Everyone! Volvic is having a redesign!
The Danone owned company have unveiled a new look for its complete range of water fluids and because water needs advertising, it will be relaunched with a £1 million pound campaign across press, TV and online.
The blue labelling has now been abandoned in favour of a more pleasing green redrawn volcano.
It is said the redesign will help distinguish Volvic from the rest of the water market. And taps.
Alastair Strang, who is all brand lead for Volvic said, “We are thrilled to be bringing this new look for Volvic to British consumers. Consumer testing has shown us that this fresh new look differentiates Volvic from its competitors and has a much stronger stand-out on shelf.”
It’s all a bit Peckham Spring water to us.
We all know advertising is supposed to make you want to buy stuff, but we have a reasonable expectation that the adverts we are subjected to are not a bunch of outright lies. That’s what the Advertising Standards Agency is there for,right?
However, just because businesses can’t lie, doesn’t mean they aren’t found guilty of stretching the truth a little bit. Strictly speaking, you might consider it lying but the ASA calls it ‘misleading’. A new ruling from the ASA has just banned a Virgin Media advert claiming that Sky customers could save over £400 a year by switching, when chances are, they actually couldn’t.
A regional press ad for Virgin Media Ltd compared Sky’s ‘The Family Bundle’ with Virgin Media’s ‘Premiere Collection’. The ‘receipts’ shown in the advert listed the features and monthly total price of the respective packages. Sky’s Family Bundle was priced at £103.65 and Virgin Media’s Premier Collection at £67.99. The advert stated an “Annual saving with Virgin Media £427.92″.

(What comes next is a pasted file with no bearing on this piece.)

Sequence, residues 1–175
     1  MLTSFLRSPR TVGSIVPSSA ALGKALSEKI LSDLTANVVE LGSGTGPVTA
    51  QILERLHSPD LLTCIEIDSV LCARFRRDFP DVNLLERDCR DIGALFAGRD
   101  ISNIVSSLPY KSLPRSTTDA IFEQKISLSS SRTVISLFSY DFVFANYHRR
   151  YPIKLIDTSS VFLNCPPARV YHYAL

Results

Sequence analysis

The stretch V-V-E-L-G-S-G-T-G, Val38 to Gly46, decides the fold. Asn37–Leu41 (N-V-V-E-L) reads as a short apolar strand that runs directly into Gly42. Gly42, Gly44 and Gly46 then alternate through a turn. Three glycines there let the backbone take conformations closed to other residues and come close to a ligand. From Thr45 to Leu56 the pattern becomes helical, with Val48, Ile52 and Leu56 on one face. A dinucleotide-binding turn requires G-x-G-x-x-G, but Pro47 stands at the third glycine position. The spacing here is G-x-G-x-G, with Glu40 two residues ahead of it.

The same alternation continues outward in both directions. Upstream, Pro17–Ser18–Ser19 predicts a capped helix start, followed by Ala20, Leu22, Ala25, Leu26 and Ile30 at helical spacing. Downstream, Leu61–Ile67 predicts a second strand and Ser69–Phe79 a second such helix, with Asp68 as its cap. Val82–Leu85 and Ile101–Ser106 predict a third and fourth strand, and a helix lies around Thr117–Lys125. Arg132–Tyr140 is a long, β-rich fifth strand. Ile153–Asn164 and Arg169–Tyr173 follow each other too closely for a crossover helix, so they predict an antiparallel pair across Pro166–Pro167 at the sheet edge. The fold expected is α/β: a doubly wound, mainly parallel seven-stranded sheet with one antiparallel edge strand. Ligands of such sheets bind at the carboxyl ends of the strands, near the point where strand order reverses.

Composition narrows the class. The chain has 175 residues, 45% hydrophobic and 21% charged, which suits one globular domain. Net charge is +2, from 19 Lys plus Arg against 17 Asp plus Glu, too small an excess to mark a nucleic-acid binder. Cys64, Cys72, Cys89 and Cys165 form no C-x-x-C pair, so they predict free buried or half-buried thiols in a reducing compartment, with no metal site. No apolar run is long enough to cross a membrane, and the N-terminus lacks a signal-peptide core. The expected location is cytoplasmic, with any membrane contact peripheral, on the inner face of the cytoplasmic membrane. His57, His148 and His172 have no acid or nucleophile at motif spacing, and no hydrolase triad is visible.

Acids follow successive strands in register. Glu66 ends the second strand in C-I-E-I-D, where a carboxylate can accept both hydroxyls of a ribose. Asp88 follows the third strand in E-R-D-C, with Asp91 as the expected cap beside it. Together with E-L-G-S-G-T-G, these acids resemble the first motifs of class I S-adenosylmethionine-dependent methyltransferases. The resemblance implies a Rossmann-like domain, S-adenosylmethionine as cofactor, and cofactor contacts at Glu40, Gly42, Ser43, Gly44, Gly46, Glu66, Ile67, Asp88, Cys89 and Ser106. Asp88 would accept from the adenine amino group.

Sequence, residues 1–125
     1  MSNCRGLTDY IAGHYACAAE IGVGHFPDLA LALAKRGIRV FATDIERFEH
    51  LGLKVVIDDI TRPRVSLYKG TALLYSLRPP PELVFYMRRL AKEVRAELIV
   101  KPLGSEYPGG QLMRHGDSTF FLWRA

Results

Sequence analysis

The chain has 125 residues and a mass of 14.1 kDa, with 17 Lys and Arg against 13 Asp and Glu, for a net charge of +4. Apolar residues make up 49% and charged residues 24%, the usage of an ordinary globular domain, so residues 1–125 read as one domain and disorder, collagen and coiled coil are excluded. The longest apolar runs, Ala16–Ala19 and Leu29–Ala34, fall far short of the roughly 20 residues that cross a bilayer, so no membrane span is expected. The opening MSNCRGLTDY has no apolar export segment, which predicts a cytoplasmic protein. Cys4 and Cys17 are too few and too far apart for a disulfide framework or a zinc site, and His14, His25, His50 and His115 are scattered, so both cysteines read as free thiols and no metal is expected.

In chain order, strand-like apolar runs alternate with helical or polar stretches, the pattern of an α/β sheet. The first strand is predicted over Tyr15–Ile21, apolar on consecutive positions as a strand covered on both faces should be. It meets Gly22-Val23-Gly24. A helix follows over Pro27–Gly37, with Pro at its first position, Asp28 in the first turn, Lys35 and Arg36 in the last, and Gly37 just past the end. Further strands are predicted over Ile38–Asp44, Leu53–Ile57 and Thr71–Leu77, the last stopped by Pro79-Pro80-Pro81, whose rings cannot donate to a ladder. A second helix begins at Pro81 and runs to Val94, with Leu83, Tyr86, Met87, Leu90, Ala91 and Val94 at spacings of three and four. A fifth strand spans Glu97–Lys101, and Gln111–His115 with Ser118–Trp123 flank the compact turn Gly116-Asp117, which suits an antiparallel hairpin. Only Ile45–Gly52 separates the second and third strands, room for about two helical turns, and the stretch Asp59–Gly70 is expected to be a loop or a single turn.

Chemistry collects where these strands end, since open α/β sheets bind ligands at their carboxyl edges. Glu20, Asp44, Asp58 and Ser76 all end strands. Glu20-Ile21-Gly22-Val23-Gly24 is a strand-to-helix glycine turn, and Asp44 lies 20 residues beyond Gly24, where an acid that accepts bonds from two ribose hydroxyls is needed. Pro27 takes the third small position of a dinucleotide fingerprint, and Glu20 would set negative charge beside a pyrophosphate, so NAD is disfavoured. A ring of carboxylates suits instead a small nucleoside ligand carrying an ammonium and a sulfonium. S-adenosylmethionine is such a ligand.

The problem was not, actually, with the facts- while Virgin had handily included the cost of BT Sport, which is actually paid to BT rather than Sky- Virgin maintained that 100% of Sky customers who took the exact combination of services set out would achieve the claimed saving. Nor was this disputed by the ASA. Virgin also claimed that the trifling detail of the exact amount of consumers holding this particular combination of services did not affect the comparison being made or a consumer’s understanding of the price saving.
However, on this point the ASA disagreed, given that fewer than 0.1% of Sky customers did have those services, and could therefore possibly save over £400. The ASA noted that the ad was phrased conditionally, and that Virgin Media did not claim that all customers would save over £400, however the ASA felt that “it was necessary for a reasonable proportion of consumers to achieve the claimed saving,” adding that “using the comparison in this example, only a relatively small proportion of Sky customers would save to the degree claimed. “